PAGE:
I have this distinct memory of sitting at the kitchen table with my mom when I was younger. She was encouraging me to write a thank-you note to a family friend. My parents are liberal UU’s who encouraged all of my foundations of ethics and values in the world. I remember after writing the letter that I was addressing the envelope and wrote “Lynn and John Smith” on the front. My mom scolded me and told me that the formal and appropriate way of addressing the letter was to write, “Mr. and Mrs. John Smith”. I was shocked that my mom, model of all things progressive and good, could possibly think that referring to a woman as “Mrs. John Smith” would be appropriate! I responded with self-righteous outrage while she sat in reflective silence.

This memory seems silly, but it was a key moment in our shared learning – that the values I had learned (that she had taught me, along with many UU’s) were now helping to shape new cultural norms; and my mom’s willingness to take in that new thinking, born of the same foundational principles she herself had taught me and allow the new thinking to sink in to her own truths – was part of the ongoing learning and shaping. We are invited to be willing to listen to one another and be open to our truths being shaped and transformed.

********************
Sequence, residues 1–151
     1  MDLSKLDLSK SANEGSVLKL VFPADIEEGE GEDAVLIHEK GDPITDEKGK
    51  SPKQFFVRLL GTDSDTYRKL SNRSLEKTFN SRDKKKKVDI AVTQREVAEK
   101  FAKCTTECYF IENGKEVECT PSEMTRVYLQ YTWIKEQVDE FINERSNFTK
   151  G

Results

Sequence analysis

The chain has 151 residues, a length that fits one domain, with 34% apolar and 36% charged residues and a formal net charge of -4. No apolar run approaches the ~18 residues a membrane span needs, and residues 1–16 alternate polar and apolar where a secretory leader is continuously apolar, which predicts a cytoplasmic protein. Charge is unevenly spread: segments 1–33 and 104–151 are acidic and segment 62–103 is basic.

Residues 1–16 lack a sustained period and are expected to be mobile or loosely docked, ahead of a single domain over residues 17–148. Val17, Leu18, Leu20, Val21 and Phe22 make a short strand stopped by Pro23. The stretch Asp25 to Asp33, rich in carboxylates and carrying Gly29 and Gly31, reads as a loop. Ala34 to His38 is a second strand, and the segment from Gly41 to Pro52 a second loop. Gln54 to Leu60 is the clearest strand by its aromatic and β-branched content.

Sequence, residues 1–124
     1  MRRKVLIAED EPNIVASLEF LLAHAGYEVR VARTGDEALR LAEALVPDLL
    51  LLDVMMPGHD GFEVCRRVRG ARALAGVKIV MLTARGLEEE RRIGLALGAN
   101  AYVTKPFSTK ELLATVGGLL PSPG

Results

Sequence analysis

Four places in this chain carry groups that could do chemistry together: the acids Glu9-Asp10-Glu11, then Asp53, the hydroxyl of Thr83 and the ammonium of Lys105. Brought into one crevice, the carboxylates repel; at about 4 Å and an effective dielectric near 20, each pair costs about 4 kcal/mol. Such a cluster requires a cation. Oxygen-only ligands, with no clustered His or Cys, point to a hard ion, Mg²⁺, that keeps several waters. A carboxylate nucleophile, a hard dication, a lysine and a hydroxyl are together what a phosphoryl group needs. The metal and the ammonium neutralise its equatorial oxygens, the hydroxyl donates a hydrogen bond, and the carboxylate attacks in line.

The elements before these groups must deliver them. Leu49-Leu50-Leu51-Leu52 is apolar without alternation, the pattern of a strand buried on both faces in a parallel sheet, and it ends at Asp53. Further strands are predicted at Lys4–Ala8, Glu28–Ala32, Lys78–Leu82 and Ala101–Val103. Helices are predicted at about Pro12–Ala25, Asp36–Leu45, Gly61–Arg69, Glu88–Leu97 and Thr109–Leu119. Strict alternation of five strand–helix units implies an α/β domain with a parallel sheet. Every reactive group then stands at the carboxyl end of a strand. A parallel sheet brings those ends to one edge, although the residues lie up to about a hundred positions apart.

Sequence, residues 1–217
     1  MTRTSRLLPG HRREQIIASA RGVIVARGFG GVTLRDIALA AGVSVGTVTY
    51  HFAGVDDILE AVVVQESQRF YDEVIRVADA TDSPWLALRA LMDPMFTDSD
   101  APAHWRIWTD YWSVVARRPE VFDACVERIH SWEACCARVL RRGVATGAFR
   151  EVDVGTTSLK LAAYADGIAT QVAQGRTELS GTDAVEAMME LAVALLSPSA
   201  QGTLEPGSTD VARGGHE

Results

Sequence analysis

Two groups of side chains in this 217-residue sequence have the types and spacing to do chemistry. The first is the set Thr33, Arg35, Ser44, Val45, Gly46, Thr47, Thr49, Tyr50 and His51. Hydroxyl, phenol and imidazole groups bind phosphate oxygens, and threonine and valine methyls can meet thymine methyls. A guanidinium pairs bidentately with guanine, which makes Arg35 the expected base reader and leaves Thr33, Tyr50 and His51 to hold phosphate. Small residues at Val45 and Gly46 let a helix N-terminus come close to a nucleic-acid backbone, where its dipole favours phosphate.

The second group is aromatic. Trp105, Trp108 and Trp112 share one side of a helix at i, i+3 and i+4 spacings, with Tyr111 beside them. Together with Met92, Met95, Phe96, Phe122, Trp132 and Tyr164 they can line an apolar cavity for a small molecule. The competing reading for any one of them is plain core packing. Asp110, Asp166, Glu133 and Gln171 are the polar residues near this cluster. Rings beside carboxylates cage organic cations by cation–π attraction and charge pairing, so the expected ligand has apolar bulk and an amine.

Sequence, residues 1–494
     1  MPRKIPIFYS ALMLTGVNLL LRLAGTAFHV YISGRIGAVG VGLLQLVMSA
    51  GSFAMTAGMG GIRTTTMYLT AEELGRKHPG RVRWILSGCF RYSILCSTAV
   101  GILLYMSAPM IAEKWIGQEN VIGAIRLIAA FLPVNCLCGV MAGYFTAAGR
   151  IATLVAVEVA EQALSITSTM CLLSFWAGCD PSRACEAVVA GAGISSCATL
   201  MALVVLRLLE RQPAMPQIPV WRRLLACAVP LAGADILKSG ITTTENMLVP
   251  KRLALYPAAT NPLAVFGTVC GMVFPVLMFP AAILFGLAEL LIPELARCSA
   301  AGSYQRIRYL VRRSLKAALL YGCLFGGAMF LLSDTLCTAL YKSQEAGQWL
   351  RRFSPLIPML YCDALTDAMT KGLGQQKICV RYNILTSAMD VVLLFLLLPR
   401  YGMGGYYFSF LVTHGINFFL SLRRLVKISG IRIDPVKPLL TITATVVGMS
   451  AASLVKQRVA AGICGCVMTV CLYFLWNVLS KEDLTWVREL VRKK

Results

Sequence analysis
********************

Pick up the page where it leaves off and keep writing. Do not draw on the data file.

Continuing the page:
Sarah van Gelder, an editor of YES! Magazine, which offers stories about positive changes happening in the world, once wrote in her editor’s letter, “As a child, I remember thinking adults reached a magical age when they became “grown-ups” and were therefore done growing. Now that I have reached that age myself, I realize that we’re not done—we have the option of continuing to develop throughout life. We need people who choose to continue learning.”